KABUL, Afghanistan – Life has seemed meaningless for Naeem Gul in Afghanistan’s Paktia province since he lost a young son to a landmine three years ago.
Mr. Gul’s 17-year-old son Sheren is among more than 100 Afghans who become victims of the deadly hidden enemy across the country on monthly basis. Mines have left a total of 1,943 Afghans, mostly civilians, dead or wounded in the past one year alone.
According to the Afghan Landmine Survivors’ Organisation, a local group advocating for welfare of landmine victims, the overwhelming number of mines planted by the Red Army in the 1980s have been cleared, but plenty remain, putting the lives of many people at risk. Fighting the western-backed Mujahedeen resistance for over a decade, Soviet forces littered the country with hundreds of thousands of mines that still remain a threat despite decades of clearing.
The subsequent Taliban insurgency then led to more mines being planted all over the country, in cities, on highways and in villages, after the fall of their regime in 2001.
A report released by ALSO last week noted that the 9,228 deaths and injuries in 2016 marked the highest number of annually recorded casualties since 1999. This included the most child casualties ever recorded, and the highest number of annual casualties caused by improvised mines. Such a high figure indicates the grimness of the threat that still persists for Afghans.
Sheren Gul was not an ordinary civilian victim of the landmines. Along with his father, he was part of a demining team in southeastern Logar province when he and five other people were killed.
“We were heading to our duty (demining) in two teams. I was in one and Sheren was in another, they were ahead of us, and we were supposed to follow them after an hour on that day”, Mr. Gul told The Globe Post. A well-built man in his late 40s, he seemed weak as he told the story of his son’s death.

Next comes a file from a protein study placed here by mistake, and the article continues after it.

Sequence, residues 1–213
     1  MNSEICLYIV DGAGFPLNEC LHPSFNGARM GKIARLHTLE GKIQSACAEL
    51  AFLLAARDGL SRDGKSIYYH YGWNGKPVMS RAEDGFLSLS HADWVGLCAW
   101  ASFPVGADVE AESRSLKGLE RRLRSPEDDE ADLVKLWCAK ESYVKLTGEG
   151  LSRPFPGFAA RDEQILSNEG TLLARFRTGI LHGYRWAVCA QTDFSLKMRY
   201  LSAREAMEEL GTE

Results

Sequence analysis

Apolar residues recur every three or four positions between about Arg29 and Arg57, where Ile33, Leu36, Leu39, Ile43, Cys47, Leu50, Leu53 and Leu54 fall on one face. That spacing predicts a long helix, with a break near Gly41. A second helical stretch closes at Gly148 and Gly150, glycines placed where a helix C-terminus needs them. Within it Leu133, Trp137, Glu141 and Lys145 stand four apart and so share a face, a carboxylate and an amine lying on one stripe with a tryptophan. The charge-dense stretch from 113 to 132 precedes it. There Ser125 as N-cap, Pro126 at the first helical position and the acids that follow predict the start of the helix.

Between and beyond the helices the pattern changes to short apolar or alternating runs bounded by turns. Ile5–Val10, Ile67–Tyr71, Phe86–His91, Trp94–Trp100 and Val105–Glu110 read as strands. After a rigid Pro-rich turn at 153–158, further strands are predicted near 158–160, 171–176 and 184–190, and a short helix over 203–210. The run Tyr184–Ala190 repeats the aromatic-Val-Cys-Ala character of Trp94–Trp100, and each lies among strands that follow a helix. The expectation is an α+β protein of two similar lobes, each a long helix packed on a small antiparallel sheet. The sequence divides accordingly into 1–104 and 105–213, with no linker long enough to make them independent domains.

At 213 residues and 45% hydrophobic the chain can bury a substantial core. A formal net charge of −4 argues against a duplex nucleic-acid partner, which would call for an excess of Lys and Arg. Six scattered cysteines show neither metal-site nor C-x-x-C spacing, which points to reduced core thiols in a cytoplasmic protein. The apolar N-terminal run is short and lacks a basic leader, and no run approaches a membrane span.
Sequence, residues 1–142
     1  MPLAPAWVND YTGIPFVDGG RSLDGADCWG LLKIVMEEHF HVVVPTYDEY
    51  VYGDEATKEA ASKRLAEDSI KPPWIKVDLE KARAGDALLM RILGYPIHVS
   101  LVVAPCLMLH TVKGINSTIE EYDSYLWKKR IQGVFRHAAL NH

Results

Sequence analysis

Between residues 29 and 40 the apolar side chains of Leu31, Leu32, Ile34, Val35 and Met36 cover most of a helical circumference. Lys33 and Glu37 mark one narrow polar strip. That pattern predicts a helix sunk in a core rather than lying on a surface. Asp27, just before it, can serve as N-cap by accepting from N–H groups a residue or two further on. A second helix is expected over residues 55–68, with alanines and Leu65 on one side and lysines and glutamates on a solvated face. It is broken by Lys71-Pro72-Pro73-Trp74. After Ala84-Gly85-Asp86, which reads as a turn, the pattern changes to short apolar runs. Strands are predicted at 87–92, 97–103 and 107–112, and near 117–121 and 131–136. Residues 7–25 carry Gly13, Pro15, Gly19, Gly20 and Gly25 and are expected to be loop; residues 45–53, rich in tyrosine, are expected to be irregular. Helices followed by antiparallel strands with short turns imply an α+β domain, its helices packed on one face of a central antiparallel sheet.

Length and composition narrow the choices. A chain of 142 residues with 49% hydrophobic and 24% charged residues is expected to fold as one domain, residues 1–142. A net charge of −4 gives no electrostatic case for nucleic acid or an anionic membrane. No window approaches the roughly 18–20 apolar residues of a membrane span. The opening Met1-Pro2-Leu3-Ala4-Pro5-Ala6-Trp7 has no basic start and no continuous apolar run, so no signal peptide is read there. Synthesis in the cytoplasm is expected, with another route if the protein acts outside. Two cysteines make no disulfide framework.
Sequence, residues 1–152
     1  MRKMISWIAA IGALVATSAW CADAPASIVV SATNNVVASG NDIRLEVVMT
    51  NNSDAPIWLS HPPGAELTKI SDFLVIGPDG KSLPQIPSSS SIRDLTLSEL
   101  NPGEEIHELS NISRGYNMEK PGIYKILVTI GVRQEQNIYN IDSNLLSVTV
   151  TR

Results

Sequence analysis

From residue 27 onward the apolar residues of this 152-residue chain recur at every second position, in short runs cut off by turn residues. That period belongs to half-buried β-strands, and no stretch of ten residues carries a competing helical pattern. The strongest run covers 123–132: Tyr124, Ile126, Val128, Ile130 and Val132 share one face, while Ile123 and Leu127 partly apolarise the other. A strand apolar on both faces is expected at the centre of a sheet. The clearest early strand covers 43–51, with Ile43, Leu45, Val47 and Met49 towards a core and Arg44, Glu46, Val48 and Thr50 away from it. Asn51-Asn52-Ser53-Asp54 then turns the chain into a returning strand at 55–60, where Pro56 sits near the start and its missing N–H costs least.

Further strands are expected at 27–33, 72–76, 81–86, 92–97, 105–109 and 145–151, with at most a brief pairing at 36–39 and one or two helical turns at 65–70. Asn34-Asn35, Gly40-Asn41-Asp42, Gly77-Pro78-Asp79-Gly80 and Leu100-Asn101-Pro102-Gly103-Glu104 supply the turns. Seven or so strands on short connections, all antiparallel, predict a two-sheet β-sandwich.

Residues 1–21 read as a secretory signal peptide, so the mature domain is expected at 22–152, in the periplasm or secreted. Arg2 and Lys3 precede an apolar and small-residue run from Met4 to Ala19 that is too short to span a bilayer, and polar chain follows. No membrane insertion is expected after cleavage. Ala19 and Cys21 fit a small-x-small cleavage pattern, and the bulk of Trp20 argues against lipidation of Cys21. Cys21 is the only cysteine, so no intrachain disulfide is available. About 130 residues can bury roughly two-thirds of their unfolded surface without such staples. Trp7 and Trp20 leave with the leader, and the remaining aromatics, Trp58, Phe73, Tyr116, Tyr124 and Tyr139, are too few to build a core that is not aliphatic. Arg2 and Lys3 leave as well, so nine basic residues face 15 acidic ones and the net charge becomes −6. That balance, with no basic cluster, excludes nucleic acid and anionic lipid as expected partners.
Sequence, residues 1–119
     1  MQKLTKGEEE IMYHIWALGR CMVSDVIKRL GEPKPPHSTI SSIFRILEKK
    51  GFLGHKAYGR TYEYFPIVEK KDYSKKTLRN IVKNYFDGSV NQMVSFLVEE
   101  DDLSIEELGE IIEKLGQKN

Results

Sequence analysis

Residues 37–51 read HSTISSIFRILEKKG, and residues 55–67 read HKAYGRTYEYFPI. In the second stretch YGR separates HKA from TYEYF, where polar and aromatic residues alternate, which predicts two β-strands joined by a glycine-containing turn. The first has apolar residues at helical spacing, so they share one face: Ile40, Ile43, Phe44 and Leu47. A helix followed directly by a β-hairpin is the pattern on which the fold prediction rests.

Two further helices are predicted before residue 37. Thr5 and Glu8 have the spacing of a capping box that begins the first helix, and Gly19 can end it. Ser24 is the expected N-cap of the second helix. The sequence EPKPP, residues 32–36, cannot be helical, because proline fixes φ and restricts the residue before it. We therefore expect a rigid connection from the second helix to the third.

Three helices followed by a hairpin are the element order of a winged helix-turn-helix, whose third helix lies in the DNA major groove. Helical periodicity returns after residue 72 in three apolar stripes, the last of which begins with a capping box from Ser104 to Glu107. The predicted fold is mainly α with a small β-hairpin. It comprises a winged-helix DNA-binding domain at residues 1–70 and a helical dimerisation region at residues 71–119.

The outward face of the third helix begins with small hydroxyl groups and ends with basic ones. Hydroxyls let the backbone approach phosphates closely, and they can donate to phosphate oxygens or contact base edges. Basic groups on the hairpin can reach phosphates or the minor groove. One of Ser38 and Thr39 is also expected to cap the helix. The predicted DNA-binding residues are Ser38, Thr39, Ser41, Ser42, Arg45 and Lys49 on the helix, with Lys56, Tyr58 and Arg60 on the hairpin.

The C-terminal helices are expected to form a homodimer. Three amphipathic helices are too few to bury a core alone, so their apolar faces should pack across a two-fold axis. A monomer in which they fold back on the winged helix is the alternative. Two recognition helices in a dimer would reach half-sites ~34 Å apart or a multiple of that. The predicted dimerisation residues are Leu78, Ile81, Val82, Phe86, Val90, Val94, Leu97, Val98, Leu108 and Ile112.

For years Mr. Gul took pride in clearing his country of the hidden evil, but after losing his own son to it, he lost the will to continue clearing mines. He quit the job and remained home until economic constrains pushed him to find different work. His younger brother Alim Gul, a car mechanic, came to his rescue and helped open an auto-parts shop for Mr. Gul in Kabul so that he can support his family.
The rise in landmine casualties in Afghanistan comes as the International Campaign to Ban Landmines has long been pushing for an all-out ban. Last week the campaign published its annual report, Landmine Monitor 2017, noting that the armed conflicts in Afghanistan, Libya, Ukraine and Yemen contributed to the second year of exceptionally high casualties caused by mines, including improvised devices and other explosive remnants of war.
According to the report at least 100 people lose their lives in mine and unexploded ordnance explosions every month in Afghanistan and at least 2,000 people are maimed b mines and other explosives the country.
In Kabul, ALSO head Islamuddin Amiri told The Globe Post that the country is second worst affected in terms of mine victims after Yemen on the global scale. “In the year before (2015), the victims were 1310, but last year (2016) it has increased to 1,943,” he said.
Under a 1999 international treaty, countries agree to not use or produce antipersonnel mines, to destroy their existing stockpiles, to provide assistance to mine victims, and clear their territory of mines within 10 years of joining the pact. According to the ICBL report, only Myanmar and Syria had government forces that actively planted mines in the last year. Neither state is a party to the mine ban treaty.
Worldwide, the report said 170 square kilometers (65.6 square miles) were cleared during 2016, and the vast majority of that work took place in Afghanistan, Croatia, Iraq and Cambodia.
The demining program in Afghanistan has so far defused at least 800,000 antipersonnel mines and almost 30,000 anti-vehicle mines. As part of its international commitments, the country has vowed to clear the entire country of the deadly mines by 2023, but for people like Mr. Gul who lost their loved ones, it seems too little and too late.